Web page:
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Take a break, get an MBA degree

business Updated: Mar 27, 2008 01:32 IST
Devraj Uchil
Devraj Uchil
Hindustan Times
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The Indian School of Business was set up with the express purpose of imparting accelerated management education to working professionals. Its one-year MBA programme relies on the fact that since the students have work experience, they don’t have to be taught from scratch. The Indian Institute of Management – Ahmedabad, has a similar executive MBA programme for working professionals. Other MBA institutes are also considering such programmes, in spite of the fact that a number of them have been offering the three-year MBA programme for years now.

The reasons are many. Working professionals, even after putting in up to seven years with industry, are willing to quit and do an MBA. The average work experience at both IIM-A and ISB is around five years. The MBA demand in a fast-growing economy has been huge. The working professionals either want to climb faster up the management ladder in the industries they have already been working in, or switch industries altogether. It’s almost like getting a chance at a second shot.

Besides, compensation jumps are a big draw. The average salary that an executive draws after going through the course is Rs 27 lakh, while a fresh management graduate draws around Rs 17 lakh. The desire for a change in career often happens when executives have put in some time into industry and is able to discern what he would really like to do, better. “The drive to change career has to come from within and should be strong enough for you to take the risk of jumping at it,” says Ajit Rangnekar, deputy dean of the Hyderabad-based ISB, which currently boasts of 425 students who have quit their jobs to pursue their management degree.

“I would say that professionals joining management courses as a natural course of evolution,” says Arvind Sahay, chairperson of PGPX, IIM Ahmedabad. “Earlier, a student used to get his education in a stretch and get a job later. Not many people went for specialisation and there were also not many specialised courses available. Also the job opening with such a high degree of skill was not much.”

After successfully completing the management course, executives land senior level management jobs positions because they have experience to add to their management skill. There are also those who go in for lateral career shifts. But here, he cautions, “there is a possibility that you may not be able to get in at as high a position, as you lack field experience.”

As such executive programmes have delivered to their students and to industry since their inception, confidence in them has gone up with working professionals. Students are therefore willing to pay higher fees for such programmes and are increasingly comfortable about taking a career break to complete the MBA programmes. While for freshers in the regular two-year MBA programme the course fee is Rs 5 lakh at IIM-Ahmedabad, the executive management programme fee is Rs 15 lakh. At ISB, the current fee is Rs 17.63 lakh, including tuition fee, accommodation, books, laptop and the like.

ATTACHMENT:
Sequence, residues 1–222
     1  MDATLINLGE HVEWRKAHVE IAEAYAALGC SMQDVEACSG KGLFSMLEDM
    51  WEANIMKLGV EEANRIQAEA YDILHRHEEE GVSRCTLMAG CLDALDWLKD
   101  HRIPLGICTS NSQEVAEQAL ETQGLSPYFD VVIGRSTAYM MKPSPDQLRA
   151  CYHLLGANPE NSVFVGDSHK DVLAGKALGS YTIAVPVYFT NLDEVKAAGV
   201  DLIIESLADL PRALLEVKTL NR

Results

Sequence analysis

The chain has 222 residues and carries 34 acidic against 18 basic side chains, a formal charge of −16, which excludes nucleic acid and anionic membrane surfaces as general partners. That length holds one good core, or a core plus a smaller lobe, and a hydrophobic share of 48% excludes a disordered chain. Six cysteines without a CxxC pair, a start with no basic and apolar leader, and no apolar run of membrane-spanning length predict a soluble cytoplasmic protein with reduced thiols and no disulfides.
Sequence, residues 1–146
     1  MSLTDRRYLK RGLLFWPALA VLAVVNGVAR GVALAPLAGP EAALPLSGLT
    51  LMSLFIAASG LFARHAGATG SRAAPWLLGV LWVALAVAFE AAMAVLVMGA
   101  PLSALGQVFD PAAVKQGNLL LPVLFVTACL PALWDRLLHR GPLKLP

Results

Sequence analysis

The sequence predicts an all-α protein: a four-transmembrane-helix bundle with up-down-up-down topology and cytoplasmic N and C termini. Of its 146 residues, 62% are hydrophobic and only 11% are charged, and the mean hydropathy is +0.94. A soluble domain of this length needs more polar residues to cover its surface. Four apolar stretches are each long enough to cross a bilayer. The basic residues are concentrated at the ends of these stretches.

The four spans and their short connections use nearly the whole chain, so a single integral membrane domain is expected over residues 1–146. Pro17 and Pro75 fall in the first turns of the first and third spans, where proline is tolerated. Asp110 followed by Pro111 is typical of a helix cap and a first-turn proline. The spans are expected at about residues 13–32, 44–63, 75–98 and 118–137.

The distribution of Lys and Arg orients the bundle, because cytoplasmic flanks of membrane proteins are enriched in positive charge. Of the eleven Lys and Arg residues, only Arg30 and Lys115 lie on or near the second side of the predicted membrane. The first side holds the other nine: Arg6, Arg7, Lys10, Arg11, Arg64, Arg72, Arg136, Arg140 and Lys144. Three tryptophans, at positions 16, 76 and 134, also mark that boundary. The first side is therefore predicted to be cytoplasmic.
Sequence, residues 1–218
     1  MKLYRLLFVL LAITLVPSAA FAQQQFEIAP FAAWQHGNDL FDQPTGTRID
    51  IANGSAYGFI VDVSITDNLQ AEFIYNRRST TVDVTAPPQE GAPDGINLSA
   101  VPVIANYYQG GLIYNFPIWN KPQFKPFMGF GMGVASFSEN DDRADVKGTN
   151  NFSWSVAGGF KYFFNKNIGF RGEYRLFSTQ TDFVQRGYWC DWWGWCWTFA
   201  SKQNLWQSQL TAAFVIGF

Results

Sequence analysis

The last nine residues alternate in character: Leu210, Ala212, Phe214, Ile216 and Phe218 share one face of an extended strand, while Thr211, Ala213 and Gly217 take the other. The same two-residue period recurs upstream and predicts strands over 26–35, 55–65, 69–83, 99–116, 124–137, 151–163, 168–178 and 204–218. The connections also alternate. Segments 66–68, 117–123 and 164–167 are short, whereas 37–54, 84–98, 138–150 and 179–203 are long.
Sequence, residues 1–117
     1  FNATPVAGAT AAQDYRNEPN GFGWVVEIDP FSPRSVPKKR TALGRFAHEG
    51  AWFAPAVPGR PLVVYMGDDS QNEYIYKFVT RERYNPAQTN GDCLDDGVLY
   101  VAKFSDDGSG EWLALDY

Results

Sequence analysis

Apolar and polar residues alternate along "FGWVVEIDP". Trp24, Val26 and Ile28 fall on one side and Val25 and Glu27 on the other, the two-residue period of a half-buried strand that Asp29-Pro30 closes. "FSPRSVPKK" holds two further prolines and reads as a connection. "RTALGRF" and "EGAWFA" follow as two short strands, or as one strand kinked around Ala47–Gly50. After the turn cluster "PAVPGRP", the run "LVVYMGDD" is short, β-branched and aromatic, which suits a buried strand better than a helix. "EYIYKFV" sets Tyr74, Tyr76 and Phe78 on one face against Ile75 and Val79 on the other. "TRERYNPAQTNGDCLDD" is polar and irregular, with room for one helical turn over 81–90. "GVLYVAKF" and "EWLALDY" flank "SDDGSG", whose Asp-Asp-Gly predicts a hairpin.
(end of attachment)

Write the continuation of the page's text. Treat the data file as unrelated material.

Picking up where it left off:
Elaborating on the evolution of campus selection at ISB, Rangnekar says, “The biggest challenge was making the industry understand that the person who wants to change his career, and has worked at it, is better than others around. This is because he is industry-ready, unlike fresh management graduates.” He adds that earlier, companies used to employ ISB students as per their requirement. “Over the years, they have had such good experience with our 'professional' students that they are now willing to employ first and weave a job around the person’s abilities. Teams from different industry verticals visit us regularly to give students perspective of what the industry expects from them. This benefits the industry, students and in turn, ISB.”

The institutes too, add value beyond the academic curriculum. ISB, for example, gives its student a checklist to help him/her evaluate his/her current standing and what the industry expects. “In the first week that a student joins ISB, we ask him to give us his aspiration. Then, we analyse him for a month and assess his ability and aptitude for the desired vocation,” says VK Menon, director, Career Advancement Services, ISB. The student is then counselled on his ability and aspiration, things that he has to learn and unlearn so that he can be a leader in his new vocation. The vertical specialists in ISB help students understand the ground reality while its tie-up with CEOs helps them understand the industry perspective.

Sahay asserts that working professionals are much better students because of their experience in the industry and also because there is too much at stake for them. Certainly, there is a flip side too, as Shailesh J Mehta School of Management, IIT – Bombay, has discovered in its regular two-year MBA programme which has seen an influx of a greater number of students with prior work experience over the recent years (see ‘Work first, get an MBA degree after’).

In fact, so popular has the ‘management’ tag become that institutes are creating new avenues to attract more specialised interest (see ‘Servicemen want management learning too’). In the growing working professionals MBA domain, supply and demand are both vibrant. A lot more working professionals are seeking MBA degrees, so a lot more initiatives are being taken by institutes and seeing the quality of the output, a lot more organisations are quite happy to offer much higher salaries for trained and management-honed managers in a market that is talent-starved.